Pandemic Ponderings #86

My grandparents have been much in my mind during this pandemic and its Lockdown . Early on I wished I could tap into their knowledge and wisdom of living through difficult times . Which in truth as a ‘ boomer’ I have not experienced . One set of grandparents were proper Victorians , unusually for the time they had left child rearing until far later and were in their 30’s when they had my dad. My mum’s parents were also unusual in that they divorced in the 1940’s giving me two separate couples. One lot lived in Glasgow and were loving but a long way away. The others were entrepreneurial and quite, 60’s in their thinking and lifestyle.

It is the Victorian set that comes to mind most , because when I knew them they seemed very serene and comfortable in their lives. Not given to great shows of affection but steady and always there. Their generation had seen, and they had suffered personally from, two world wars, the Spanish Flu pandemic 1 and second wave, and the ‘Depression’. They used words not often heard today and quite by chance, or serendipitously for this blog, two of them popped into my head during the heavy rain of earlier this week.

The first one was inspired by this photo, of a geranium petal stuck on the front door.

It is a striking and serendipitous image, but my first thought was. ” You must be maudlin if you need to photograph that”

I have no idea when I last thought or said the word ‘ maudlin’ . I even had to look it up to check I wasn’t being inaccurate in its use.

In truth I was probably being a little harsh with myself, I’m not sure I was being highly sentimental over a petal but who knows, I think my sentimental threshold has been recalibrated down during Lockdown.

The second word is pretty politically incorrect but I’m sure it can be shared on a blog with limited readership and only its own integrity on the line.

I was at Waitrose during a brief sunshiny moment. Considering whether to join the rather long queue.

Queues at supermarkets are great places for people watching. Waitrose perhaps win a prize for the most eclectic version of PPE that I’ve seen Ski goggles and ludicrous face masks worn by people with Marigold washing up gloves on. Middle class trolley wars about social distancing with people who probably spell the expletive they were using with a pH value because they are better educated/richer/posher than those of us that just use the Essential Waitrose ‘F’ version. Theirs also rhymes with Quark.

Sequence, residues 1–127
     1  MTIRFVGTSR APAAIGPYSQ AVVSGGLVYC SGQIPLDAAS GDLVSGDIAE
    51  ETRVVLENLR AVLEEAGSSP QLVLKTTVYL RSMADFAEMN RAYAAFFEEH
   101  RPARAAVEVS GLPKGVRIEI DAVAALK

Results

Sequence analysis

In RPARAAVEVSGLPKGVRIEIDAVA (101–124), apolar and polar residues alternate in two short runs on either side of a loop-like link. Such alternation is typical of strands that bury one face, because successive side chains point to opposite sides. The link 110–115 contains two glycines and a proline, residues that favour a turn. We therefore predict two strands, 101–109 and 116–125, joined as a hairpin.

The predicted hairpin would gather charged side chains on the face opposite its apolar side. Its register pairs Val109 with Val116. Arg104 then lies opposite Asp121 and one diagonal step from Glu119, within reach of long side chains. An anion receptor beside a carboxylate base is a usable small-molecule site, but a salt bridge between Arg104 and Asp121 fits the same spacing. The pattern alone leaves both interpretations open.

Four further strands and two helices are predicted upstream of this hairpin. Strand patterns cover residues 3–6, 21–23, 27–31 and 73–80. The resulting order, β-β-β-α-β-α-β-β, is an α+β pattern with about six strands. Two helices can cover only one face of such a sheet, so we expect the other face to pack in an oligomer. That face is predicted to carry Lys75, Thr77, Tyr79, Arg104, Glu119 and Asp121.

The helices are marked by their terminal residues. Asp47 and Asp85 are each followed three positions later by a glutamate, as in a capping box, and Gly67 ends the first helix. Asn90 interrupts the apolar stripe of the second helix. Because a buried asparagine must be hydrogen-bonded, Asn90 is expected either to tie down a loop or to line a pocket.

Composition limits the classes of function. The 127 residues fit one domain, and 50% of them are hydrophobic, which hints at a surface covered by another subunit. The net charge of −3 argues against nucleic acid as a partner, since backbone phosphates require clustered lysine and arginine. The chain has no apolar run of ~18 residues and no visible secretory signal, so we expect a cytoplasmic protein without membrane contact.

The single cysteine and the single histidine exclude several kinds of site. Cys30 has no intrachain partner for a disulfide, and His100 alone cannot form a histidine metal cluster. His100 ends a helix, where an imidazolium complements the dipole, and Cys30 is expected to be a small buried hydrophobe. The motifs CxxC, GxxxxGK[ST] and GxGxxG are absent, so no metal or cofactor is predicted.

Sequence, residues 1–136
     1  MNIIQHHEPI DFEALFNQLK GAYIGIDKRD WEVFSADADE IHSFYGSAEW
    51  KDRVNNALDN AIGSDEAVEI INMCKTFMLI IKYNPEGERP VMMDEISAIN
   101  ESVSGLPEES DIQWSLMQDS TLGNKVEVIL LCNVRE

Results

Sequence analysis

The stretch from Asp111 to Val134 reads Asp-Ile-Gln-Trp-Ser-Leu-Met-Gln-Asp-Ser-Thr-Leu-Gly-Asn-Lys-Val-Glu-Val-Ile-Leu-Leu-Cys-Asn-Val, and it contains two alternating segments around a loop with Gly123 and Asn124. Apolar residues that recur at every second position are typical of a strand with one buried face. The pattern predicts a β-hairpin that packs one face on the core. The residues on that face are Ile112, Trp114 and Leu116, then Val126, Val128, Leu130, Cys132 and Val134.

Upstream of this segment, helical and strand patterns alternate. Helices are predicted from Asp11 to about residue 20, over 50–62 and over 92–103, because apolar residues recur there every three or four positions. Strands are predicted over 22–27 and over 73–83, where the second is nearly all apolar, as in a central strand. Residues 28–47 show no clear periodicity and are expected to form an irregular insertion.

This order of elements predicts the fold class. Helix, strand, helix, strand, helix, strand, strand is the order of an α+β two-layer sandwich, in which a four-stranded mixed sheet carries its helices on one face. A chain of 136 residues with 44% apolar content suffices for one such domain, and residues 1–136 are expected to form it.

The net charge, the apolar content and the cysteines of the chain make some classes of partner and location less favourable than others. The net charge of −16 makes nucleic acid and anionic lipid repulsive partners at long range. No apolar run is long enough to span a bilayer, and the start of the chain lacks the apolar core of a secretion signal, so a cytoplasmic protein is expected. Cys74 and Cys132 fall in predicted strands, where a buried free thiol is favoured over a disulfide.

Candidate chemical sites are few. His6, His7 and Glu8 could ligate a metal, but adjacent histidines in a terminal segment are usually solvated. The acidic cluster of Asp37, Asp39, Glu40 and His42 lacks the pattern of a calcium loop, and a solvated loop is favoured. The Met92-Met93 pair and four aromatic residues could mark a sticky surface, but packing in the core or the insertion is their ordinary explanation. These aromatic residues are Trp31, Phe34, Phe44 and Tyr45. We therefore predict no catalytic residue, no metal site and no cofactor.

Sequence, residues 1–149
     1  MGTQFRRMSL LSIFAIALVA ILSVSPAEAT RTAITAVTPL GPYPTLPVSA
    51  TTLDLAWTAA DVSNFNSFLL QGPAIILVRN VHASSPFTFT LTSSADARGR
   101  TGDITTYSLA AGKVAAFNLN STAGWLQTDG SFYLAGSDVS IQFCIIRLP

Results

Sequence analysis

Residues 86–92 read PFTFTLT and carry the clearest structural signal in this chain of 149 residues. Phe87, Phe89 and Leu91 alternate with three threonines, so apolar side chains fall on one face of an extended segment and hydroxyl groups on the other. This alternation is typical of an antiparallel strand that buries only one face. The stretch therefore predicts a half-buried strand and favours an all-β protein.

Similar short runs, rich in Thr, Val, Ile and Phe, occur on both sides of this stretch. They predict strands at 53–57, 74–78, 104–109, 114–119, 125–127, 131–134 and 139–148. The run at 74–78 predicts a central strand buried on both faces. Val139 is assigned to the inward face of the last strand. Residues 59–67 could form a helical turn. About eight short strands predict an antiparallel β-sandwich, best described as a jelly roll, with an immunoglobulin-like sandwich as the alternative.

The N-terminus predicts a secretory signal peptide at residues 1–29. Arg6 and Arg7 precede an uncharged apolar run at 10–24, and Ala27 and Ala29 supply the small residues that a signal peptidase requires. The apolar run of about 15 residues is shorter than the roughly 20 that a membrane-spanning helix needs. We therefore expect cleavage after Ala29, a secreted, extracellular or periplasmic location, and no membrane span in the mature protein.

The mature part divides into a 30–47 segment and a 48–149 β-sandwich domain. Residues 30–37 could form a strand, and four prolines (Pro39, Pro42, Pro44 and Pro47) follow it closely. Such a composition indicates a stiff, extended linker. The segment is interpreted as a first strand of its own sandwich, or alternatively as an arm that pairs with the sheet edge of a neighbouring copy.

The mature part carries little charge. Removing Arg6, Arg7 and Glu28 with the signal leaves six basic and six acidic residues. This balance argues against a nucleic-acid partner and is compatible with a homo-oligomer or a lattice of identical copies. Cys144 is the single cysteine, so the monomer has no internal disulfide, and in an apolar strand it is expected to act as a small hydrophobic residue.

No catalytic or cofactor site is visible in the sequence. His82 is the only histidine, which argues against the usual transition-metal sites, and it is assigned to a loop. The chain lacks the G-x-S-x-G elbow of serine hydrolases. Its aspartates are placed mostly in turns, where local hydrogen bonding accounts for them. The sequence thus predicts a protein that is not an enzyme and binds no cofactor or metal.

While I was considering the Waitrose queue over the nearby Lidl queue, there was a massive cloud burst. Trolleys and eccentric PPE wearers scattered in all directions. Expletives with a variety of spellings punctuating the very moist air.

At this point my head dredged up the word ‘ bedlam’ . Clearly the Victorian grandparent file of strange words had been left open after maudlin popped out.

© Wikipedia

I’d always known the origin of this word and had expected that the Bethlem Royal Hospital was a part of history . It was a huge surprise to me when I stumbled upon it when taking a trip to our local Waitrose when living in South London.

There’s a nice little blogging circle to end with.

I’d be willing to bet Waitrose Beckenham has eccentric queues too.

Pandemic Pondering#85

South East Cornwall received a month’s worth of rain today. The day’s activities were not planned by a clock but by a weather forecasting App.Most of January, February and March of 2020 were the same and then with Lockdown for the pandemic the weather changed to something resembling the Mediterranean. Some days we’ve had to plan dog walks to avoid the heat. Today was a shock to the system. Puddles where previously we experienced dust bowls.The change in weather gave Lola a massive sense of her own destiny. Authoritarian signs were not going to stop her.She was straight out of the nature reserve and straight into the churchyard.Finding a brown dog in a churchyard is a tricksy thing, it took a while,but I forgave her when I found this grave. It forms the boundary of the graveyard and I walk past the back of it every day. So much information …This gentleman drowned in the Hamoaze on April 10th 1834. Aged63He wasn’t found until 6th May, unsurprisingly his remains were interred the very next day.So much information and completely plays to my nosey, or do I mean interested side. A quick glance to the grave next door added another possible layer to this already sad story.Another gentleman with the same name is also listed as drowned on December 29 th 1803. Aged 54.There has to be a story here, probably very sad and entirely suited to a grey day.I’ve noticed during my weather watching during the pandemic that I am extraordinarily thrilled to know whether my gibbous is waxing or waning.